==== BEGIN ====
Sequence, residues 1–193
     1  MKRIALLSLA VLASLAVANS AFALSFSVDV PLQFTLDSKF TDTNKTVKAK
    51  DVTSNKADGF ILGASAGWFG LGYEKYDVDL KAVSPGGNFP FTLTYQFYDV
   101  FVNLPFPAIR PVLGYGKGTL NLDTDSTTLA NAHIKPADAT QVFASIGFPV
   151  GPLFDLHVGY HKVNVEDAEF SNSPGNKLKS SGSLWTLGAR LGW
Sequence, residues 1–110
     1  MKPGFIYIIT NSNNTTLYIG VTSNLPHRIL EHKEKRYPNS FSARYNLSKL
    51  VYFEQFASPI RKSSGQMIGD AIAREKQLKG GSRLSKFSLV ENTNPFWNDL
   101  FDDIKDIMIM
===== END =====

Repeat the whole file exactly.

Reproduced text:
Sequence, residues 1–193
     1  MKRIALLSLA VLASLAVANS AFALSFSVDV PLQFTLDSKF TDTNKTVKAK
    51  DVTSNKADGF ILGASAGWFG LGYEKYDVDL KAVSPGGNFP FTLTYQFYDV
   101  FVNLPFPAIR PVLGYGKGTL NLDTDSTTLA NAHIKPADAT QVFASIGFPV
   151  GPLFDLHVGY HKVNVEDAEF SNSPGNKLKS SGSLWTLGAR LGW
Sequence, residues 1–110
     1  MKPGFIYIIT NSNNTTLYIG VTSNLPHRIL EHKEKRYPNS FSARYNLSKL
    51  VYFEQFASPI RKSSGQMIGD AIAREKQLKG GSRLSKFSLV ENTNPFWNDL
   101  FDDIKDIMIM